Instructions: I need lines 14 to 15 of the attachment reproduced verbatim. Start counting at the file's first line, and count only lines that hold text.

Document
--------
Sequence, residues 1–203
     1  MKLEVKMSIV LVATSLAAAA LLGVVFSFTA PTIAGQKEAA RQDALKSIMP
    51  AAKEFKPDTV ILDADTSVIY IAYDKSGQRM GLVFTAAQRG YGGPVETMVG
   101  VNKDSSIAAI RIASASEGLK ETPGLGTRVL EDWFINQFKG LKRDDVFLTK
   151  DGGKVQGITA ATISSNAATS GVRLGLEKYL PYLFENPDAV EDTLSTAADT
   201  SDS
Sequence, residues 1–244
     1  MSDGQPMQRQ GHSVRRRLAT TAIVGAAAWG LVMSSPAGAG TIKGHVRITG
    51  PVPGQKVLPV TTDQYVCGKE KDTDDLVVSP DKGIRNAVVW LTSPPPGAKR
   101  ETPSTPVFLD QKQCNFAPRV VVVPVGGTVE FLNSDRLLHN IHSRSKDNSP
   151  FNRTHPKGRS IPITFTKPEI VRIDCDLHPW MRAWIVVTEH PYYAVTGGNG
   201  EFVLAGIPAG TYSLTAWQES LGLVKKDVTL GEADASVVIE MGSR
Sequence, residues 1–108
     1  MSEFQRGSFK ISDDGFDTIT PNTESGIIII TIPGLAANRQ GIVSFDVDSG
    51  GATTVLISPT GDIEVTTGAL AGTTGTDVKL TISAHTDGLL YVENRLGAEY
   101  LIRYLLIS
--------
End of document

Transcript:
     1  MSEFQRGSFK ISDDGFDTIT PNTESGIIII TIPGLAANRQ GIVSFDVDSG
    51  GATTVLISPT GDIEVTTGAL AGTTGTDVKL TISAHTDGLL YVENRLGAEY